Building a Future with His Family

Higginson in late 1860s or early 1870s   After Henry and Ida returned from Georgia they moved into a small apartment in Boston. Henry's unsuccessful business ventures had left them more than $10,000 in debt, and at age 33—with responsibilities and obligations to significant persons in his life—he could no longer afford to invest much time and money in romantic but impractical dreams. Reluctantly, Henry settled down and faced the reality of a future in the family business of Lee, Higginson and Company.

Henry became a partner in the firm on January 1, 1868, and a year later Frank joined them. The two brothers added energy to the respected brokerage that had a reputation for honesty and integrity regarding their assessment of properties and relationships with clients. At this point in time—with the rebuilding of the nation after the war—investors poured capital into manufacturing industries. Great developments began to unfold in the West, in the construction of railroads and speculation in gold, and the firm enjoyed a renewed prosperity in the volume of stocks and bonds they sold—despite a few setbacks in the stock market.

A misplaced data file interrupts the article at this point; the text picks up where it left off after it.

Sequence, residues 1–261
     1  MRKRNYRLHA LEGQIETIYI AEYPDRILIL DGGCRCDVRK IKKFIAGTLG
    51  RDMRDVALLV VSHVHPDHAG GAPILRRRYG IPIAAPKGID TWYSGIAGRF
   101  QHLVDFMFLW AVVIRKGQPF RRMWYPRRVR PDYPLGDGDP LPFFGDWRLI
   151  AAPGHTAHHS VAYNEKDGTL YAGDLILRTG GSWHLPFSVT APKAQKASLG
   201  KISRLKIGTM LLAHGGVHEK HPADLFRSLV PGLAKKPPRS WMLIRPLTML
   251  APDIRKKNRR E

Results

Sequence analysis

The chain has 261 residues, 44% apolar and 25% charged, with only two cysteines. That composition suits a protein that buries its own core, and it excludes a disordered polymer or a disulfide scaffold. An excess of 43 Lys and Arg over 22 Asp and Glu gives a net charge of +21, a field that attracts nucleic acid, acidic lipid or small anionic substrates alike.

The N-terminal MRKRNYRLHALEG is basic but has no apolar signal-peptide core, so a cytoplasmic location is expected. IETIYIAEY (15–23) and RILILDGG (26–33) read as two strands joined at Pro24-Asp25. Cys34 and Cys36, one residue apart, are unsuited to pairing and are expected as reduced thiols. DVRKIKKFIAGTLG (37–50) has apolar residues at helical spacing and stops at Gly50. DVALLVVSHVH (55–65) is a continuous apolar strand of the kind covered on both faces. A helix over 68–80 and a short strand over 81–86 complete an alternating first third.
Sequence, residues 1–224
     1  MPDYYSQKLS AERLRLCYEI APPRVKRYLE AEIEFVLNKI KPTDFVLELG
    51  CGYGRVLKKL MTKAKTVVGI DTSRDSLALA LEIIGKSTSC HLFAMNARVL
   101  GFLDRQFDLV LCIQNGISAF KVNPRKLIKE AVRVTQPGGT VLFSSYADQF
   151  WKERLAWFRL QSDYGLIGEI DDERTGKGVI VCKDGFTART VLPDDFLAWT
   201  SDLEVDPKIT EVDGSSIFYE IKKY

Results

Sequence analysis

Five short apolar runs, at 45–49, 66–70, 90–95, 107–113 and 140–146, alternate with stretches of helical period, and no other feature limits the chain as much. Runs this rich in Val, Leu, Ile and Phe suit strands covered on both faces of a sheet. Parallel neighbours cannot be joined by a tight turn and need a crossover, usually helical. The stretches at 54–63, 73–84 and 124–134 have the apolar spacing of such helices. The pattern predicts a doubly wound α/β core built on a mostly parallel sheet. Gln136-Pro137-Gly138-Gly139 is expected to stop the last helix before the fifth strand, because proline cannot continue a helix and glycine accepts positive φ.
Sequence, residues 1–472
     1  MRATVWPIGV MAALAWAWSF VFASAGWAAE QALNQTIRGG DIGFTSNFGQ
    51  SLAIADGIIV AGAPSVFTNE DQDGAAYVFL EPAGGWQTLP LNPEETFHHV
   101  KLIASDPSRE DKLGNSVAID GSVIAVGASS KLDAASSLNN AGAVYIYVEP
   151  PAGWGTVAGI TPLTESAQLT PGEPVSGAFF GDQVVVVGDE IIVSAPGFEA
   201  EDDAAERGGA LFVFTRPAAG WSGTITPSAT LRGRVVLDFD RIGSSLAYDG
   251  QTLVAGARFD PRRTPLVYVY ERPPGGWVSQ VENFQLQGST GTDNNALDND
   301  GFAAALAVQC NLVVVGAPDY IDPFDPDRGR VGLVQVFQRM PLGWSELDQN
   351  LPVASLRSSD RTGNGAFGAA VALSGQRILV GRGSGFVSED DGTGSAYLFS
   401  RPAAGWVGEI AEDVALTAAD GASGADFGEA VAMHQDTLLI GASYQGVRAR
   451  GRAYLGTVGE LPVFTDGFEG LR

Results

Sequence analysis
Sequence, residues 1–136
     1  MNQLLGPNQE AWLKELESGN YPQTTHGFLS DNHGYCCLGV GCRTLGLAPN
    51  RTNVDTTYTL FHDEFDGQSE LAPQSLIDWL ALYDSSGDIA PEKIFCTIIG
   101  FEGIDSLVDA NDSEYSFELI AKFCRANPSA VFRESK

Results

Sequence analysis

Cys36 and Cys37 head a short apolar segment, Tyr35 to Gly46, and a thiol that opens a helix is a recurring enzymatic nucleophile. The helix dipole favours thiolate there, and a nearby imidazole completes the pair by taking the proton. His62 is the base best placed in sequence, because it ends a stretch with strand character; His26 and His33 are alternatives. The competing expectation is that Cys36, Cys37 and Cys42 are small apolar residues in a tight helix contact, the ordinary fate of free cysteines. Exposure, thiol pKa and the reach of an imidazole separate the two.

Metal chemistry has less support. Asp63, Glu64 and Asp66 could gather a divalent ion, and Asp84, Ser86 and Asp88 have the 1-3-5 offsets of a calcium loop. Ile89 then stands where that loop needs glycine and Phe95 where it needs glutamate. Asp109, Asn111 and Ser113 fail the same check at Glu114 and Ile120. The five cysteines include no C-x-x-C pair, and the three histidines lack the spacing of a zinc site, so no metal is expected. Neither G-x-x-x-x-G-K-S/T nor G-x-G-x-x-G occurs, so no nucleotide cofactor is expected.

Photo of Higginson from late 1860s or early 1870s, care of Massachusetts/MOLLUS, USAMHI, Carlisle, PA. Image courtesy of Brian Pohanka.

The start of the next decade found the Higginsons celebrating the birth of their daughter Cécile on January 5, 1870. That summer, the family left their residence at Hotel Hamilton and stayed in a rented cottage at Beverly Farms, near the coast. Henry did not spend too much time away from work, however, as his new career kept him well occupied, often traveling to sites of prospective investment opportunities. In this decade, he also began to expend efforts to honor those dearest to him in some tangible form that could benefit a number of people. The first of these projects was the construction of the Hotel Agassiz, a French flat (apartment house) that he named for Ida. Built in 1872, this edifice still stands at 191 Commonwealth Avenue, its living spaces converted to condominiums in recent times.